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This week I’m sharing about some series I love that I think deserve more readers and more discussion in bookish/SFF communities. Today I’m gushing about Mirage by Somaiya Daud, a Moroccan-inspired young adult science fiction duology containing the books Mirage and Court of Lions. In particular, I want to highlight the wonderful protagonist and the complicated female friendship that lies at the heart of both books.

Cover of Mirage by Somaiya Daud Cover of Court of Lions by Somaiya Daud

Mirage and Court of Lions are gorgeous novels, and they are some of the first books that come to mind whenever I think of books I’d love to see recommended and discussed more in SFF communities. These are beautifully written stories that explore colonialism and empire, rebellion, and the power of literature, and though they contain heartbreak, they are ultimately hopeful. I found these two books incredibly intense—not because they’re action-packed (they’re not), but because they are emotion-packed with a wonderful protagonist and a developing sort-of friendship at their center.

I wrote “sort-of friendship” because this starts as a rocky relationship, and furthermore, it’s not a relationship between equals since Amani, the protagonist, is forced to serve Maram, the princess, as a body double. Fearing that someone will assassinate his heir before she can take the throne, the king had his minions search for a look-alike to pretend to be Maram. They discovered Amani, who had an uncanny resemblance to the princess, and took her from her family and home moon to learn to emulate their future queen, from her mannerisms to her maliciousness and sharp tongue.

Amani is one of the best protagonists I’ve encountered in fairly recent speculative fiction, and I just adored her. She’s a woman of faith, a scholar, and a poet, and her beautiful voice is a perfect fit for someone with words and lyricism in her soul. She has courage and is willing to take personal risks if she decides the potential good is worth the potential consequences. Amani is also one of those “quiet” protagonists I admire so: she doesn’t have powerful magic or flashy skills, but she has subtle weapons like her wit and insight, her compassion, and her hope. A lot of her strength lies in her empathy and her ability to understand others, and this is the main reason it seems she may actually be capable of bringing out the best in Maram.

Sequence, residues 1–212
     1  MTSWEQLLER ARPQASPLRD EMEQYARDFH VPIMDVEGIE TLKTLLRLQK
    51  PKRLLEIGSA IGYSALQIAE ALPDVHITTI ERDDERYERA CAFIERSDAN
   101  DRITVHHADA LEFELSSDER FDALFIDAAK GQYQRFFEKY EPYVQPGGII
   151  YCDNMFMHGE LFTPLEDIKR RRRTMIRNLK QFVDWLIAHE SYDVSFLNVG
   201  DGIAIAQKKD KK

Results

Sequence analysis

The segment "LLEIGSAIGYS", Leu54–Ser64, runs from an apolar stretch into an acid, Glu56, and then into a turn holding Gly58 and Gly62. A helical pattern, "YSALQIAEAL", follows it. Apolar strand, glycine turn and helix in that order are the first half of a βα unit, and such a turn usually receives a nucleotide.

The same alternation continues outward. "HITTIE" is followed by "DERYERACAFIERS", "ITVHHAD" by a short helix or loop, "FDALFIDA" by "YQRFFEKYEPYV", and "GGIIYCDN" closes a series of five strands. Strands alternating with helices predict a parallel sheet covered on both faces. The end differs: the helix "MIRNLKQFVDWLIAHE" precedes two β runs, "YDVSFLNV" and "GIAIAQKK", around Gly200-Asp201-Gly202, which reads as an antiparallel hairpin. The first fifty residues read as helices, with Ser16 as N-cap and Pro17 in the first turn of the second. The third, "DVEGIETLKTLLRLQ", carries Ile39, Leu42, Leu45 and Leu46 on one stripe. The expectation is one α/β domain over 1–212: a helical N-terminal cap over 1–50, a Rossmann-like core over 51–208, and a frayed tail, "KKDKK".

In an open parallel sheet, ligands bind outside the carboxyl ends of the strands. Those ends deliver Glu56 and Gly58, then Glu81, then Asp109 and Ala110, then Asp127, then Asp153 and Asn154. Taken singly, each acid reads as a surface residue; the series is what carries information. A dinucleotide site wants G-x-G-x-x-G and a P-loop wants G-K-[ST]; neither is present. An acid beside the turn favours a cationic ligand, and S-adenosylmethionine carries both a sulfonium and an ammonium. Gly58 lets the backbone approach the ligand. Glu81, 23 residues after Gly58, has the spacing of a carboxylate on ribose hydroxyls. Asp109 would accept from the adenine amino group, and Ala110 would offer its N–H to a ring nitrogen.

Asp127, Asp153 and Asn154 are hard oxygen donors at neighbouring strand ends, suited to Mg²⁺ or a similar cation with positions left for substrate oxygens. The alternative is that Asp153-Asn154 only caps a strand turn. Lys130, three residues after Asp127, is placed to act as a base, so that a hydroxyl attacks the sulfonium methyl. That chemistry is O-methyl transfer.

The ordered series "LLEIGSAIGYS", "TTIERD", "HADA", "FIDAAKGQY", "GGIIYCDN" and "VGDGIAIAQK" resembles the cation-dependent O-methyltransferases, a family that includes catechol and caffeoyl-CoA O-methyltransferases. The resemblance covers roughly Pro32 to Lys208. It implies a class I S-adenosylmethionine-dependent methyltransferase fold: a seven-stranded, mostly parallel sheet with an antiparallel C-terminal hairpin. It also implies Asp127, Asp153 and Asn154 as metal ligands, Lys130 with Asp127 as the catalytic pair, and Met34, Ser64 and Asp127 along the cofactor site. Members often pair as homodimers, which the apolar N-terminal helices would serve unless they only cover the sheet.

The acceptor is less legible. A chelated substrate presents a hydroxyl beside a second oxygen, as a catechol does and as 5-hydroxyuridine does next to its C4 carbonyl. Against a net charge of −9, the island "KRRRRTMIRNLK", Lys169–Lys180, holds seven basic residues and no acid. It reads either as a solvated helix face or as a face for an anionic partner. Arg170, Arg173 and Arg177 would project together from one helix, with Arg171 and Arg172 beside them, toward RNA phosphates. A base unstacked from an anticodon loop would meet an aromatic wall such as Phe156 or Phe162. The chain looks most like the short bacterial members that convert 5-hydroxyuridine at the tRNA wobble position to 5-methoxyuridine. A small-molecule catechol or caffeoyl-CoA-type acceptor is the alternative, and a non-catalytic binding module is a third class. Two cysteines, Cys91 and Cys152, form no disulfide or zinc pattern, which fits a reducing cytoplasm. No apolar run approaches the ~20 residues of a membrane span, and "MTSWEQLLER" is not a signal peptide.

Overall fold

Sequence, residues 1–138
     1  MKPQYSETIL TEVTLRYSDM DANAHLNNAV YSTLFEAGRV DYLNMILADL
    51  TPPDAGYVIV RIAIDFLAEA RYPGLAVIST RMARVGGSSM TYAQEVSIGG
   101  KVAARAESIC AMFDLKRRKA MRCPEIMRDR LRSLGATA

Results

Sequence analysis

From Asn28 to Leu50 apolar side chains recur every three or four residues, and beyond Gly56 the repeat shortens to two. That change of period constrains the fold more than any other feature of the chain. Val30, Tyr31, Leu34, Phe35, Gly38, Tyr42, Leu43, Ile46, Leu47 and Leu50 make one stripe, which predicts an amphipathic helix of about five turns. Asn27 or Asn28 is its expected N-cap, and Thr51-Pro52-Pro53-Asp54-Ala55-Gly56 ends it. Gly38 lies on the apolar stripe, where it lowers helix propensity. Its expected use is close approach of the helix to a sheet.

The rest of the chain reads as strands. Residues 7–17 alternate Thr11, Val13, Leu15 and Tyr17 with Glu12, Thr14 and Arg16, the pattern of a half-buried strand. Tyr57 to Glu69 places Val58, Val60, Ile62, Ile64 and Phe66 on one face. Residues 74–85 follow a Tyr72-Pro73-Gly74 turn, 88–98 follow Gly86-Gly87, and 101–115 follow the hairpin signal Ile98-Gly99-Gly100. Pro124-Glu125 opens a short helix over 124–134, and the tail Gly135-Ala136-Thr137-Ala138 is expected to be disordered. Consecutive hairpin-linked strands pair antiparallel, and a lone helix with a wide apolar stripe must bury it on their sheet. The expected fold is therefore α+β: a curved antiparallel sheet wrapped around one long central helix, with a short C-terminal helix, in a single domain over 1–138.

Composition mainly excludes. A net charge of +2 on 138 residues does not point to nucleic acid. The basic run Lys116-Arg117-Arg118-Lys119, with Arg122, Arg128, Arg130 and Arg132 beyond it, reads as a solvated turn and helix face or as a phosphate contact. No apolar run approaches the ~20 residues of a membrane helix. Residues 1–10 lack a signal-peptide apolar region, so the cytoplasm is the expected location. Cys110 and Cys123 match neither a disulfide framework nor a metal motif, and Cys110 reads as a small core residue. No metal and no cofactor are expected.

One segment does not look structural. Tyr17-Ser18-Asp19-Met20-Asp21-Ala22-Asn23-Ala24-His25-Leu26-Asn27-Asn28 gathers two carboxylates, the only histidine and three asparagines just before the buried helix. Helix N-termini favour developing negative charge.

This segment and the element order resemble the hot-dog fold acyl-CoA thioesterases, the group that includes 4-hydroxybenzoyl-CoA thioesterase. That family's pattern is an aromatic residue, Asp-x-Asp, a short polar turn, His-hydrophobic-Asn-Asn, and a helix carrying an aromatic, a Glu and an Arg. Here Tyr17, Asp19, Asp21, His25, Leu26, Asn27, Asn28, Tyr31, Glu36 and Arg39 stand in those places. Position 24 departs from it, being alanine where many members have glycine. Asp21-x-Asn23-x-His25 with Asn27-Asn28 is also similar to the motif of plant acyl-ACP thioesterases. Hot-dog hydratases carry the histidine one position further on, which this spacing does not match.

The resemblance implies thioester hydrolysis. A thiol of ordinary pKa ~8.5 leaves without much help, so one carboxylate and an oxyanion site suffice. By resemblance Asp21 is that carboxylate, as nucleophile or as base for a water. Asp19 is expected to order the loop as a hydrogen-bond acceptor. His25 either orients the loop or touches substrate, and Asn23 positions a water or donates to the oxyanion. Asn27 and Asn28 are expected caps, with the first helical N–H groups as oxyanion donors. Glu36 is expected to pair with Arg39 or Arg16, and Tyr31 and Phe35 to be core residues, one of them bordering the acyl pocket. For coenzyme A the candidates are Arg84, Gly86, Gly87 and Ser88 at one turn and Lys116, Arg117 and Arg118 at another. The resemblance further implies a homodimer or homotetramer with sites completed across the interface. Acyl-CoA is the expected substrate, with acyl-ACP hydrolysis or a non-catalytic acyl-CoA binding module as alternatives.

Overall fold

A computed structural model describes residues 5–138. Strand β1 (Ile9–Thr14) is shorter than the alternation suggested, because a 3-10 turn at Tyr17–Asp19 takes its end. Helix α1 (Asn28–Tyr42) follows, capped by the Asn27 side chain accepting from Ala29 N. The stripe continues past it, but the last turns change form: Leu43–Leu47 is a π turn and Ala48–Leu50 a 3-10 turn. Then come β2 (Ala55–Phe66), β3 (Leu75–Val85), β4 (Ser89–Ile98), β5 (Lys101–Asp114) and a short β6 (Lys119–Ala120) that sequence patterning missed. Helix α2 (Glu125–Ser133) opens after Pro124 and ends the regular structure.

I really loved the slow build of the sisterly friendship that develops between Amani and Maram as the former begins to realize she’s actually developed some fondness for the princess. It never seemed as though Maram’s cruelty was swept under the rug or excused because of her difficult childhood, but it also shows how much of a struggle it’s been for her to survive within her father’s empire. Though her father is the infamous conqueror, her deceased mother belonged to the people he conquered, and as a result, Maram doesn’t feel like she belongs anywhere. She’s alone, fearful of the half-sister who hungers to take her place, and thinks it necessary to hide any vulnerability. Amani is probably the first to clearly see and understand the person beneath the mask Maram presents to the world when most view her as a princess to be feared and obeyed, the daughter of the man who conquered the stars. Plus Amani tries to connect with her in a way no one else has, through the part of herself Maram doesn’t really know due to her mother’s death.

Though there are a couple of romances in these novels (including a sapphic one in the second book), the Mirage duology is primarily focused on Amani, Maram, and their platonic relationship. I found it to be an unusually stunning work of science fiction literature for its writing and characterization, and I hope that Somaiya Daud publishes more novels in the future. (I keep hoping and looking for more by her!)

Additional Reading on Mirage: